Our efforts to resettle refugees in the local community and in forming the Mid-Hudson Refugee Solidarity Alliance are an example of how theory and action can be meaningfully linked. This unique alliance now consists of local faith-based organizations, institutions of higher learning (Vassar, Bard, Marist, and Mount St. Mary colleges, as well as SUNY New Paltz and Dutchess Community College), social services agencies and local interfaith councils. We partnered with Church World Services (CWS), one of nine resettlement agencies in the United States, and were successful in convincing the State Department to let CWS open a resettlement office in Poughkeepsie. This approval came in October of 2016 and the office was slated to receive eighty refugees in the current fiscal year. However, the political context of our work and the federal policy towards welcoming refugees quickly changed after the election of 2016. Despite this, a family from the Democratic Republic of the Congo was successfully resettled in January 2017 a day after the first executive order instituting a travel ban was signed.[2] The family was enthusiastically welcomed and is now becoming a valued neighbor in our community. The CWS Poughkeepsie office, however, does not expect to resettle any more refugees in the current fiscal because of the reduction in the quota of the total number of refugees the United States is accepting. While this news has been disheartening to our alliance and could change given the ongoing legal challenges related to the Muslim ban, it has not dampened our resolve to continue our work towards making our community a welcoming and safe place for those who are forcibly displaced.

Vassar Refugee Solidarity and the Mid-Hudson Refugee Solidarity Alliance were always conscious of the existing dire needs in our community. We were also agreed that resettling refugees and helping those in our community were not mutually exclusive. From the beginning of our initiative, it was therefore our intention that with the resources and awareness that would be mobilized through our resettlement efforts, we could also make a positive impact in the lives of local people who were forcibly displaced. The news that we would not be receiving any new neighbors this fiscal year only made our focus on needs in the local community more urgent and important.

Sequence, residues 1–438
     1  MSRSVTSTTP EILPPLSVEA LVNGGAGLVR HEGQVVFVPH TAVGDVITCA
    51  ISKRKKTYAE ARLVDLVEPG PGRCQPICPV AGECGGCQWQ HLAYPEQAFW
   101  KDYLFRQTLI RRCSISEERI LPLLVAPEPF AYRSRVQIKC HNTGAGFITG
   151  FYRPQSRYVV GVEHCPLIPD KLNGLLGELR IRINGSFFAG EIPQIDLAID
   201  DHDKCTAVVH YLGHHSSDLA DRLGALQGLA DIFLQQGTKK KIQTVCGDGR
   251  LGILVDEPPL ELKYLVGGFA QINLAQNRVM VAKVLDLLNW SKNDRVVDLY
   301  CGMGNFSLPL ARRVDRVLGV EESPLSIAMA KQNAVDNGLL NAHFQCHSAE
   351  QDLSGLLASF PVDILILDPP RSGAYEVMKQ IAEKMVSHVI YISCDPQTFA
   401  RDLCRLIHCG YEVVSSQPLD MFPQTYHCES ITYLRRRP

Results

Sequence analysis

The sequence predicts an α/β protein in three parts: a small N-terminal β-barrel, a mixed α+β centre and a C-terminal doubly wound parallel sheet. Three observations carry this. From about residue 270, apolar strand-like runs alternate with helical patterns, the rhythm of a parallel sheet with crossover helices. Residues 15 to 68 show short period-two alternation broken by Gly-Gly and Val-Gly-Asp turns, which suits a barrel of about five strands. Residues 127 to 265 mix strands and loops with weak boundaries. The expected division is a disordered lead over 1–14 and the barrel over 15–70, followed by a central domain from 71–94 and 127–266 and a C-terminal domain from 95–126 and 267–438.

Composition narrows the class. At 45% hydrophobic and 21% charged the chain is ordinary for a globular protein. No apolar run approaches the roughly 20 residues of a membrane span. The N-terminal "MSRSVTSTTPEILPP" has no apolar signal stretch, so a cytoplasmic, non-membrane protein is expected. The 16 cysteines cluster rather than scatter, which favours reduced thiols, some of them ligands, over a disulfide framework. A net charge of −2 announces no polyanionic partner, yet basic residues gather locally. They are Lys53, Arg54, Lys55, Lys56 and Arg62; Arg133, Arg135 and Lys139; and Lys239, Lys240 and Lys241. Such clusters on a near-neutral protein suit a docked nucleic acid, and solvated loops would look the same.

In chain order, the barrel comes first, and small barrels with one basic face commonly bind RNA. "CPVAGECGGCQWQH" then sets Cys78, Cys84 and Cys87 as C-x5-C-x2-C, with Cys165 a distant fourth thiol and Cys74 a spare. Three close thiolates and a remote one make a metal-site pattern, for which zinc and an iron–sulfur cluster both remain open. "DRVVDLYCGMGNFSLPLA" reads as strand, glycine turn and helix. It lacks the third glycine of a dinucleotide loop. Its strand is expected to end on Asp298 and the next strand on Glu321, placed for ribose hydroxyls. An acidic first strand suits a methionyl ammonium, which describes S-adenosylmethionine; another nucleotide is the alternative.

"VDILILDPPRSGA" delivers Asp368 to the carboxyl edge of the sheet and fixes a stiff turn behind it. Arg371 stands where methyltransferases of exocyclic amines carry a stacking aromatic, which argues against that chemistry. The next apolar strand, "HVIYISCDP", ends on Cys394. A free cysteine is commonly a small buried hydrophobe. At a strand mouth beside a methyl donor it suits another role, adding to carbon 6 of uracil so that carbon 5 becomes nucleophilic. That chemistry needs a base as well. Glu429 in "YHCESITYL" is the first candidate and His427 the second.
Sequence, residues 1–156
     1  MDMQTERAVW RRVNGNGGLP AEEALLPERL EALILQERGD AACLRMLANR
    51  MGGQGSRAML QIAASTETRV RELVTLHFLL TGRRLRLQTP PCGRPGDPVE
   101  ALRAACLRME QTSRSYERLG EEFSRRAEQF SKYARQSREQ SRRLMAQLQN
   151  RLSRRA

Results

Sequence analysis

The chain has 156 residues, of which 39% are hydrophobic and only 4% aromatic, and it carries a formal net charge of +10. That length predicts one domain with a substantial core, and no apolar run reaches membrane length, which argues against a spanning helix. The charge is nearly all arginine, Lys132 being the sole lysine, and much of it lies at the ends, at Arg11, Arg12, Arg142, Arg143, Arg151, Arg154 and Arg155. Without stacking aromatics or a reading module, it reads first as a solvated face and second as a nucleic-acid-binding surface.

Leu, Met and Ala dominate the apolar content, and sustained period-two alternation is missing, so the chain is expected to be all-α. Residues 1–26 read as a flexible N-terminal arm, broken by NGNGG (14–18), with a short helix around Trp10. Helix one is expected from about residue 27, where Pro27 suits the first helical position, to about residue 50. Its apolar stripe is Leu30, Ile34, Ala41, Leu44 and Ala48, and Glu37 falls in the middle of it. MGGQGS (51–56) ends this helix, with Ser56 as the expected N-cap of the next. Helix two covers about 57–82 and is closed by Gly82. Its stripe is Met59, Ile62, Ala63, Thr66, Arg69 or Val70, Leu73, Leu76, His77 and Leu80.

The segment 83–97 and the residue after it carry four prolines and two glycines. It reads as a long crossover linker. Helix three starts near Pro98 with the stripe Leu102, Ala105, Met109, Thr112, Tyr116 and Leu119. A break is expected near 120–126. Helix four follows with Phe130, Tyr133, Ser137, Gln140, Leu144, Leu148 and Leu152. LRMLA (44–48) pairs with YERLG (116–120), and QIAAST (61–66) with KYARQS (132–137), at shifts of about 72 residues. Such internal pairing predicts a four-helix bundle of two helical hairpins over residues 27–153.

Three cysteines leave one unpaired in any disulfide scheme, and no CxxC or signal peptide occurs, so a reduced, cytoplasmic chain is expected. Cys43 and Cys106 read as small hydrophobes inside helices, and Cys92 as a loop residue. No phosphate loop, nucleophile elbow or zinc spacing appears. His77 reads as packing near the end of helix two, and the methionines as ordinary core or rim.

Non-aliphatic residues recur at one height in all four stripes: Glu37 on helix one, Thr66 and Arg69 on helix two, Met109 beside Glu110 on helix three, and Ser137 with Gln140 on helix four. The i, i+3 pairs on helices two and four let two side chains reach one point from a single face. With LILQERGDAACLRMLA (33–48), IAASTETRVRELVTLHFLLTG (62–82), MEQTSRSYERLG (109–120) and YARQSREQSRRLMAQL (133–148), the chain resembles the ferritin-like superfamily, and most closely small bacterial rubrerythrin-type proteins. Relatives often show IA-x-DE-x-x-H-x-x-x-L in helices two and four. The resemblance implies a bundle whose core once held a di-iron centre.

We discovered in this process that the global and local are not separate matters. In laying the groundwork for ensuring that the arriving families would find a welcoming home, we saw first-hand the different and deep needs that exist in our own community. As an example, in our struggle to find decent and affordable housing for the arriving families, we realized more fully the lack of affordable housing in Dutchess and the surrounding counties and the depth of homelessness in our own community of Poughkeepsie. Further, we understood that, while the contexts are significantly different, many of the needs that exist for newly arriving refugees bear a striking resemblance to the needs of those already forcibly displaced here in the U.S. The furniture that we had collected for our expected refugees was gratefully accepted by Hudson River Housing, an organization that works towards creating affordable housing for those in need. Some of the funds we raised were given to a United Nations effort to build a school for refugee girls in Kenya. Together with the local Interfaith Council our alliance also organized a march attended by more than one thousand community members to express solidarity with our Muslim neighbors.[3] Furthermore, an exhibition that tells the stories of migration, exile and refuge in the Hudson Valley was, curated by members of the initiative, is now on display in downtown Poughkeepsie. At a recently held community meeting, the Mid-Hudson Refugee Solidarity Alliance reconfirmed its commitment to resettling refugees in the Mid-Hudson Valley, but also decided to commit to work helping those in need in our community.  As a first step, we are creating a database of projects already underway in the locality that pertain to forced displacement and highlight the migratory history of members of the community through educational projects in high schools. This integration will enable the alliance to stay true to its initial purpose as well as have a coordinated, meaningful and positive impact in the local community. For students at Vassar, this aspect of the initiative not only allows us to link our theoretical understanding of forced displacement with “on the ground” work, but also engages us with the local community in a way that challenges our understanding of the “refugee crisis.”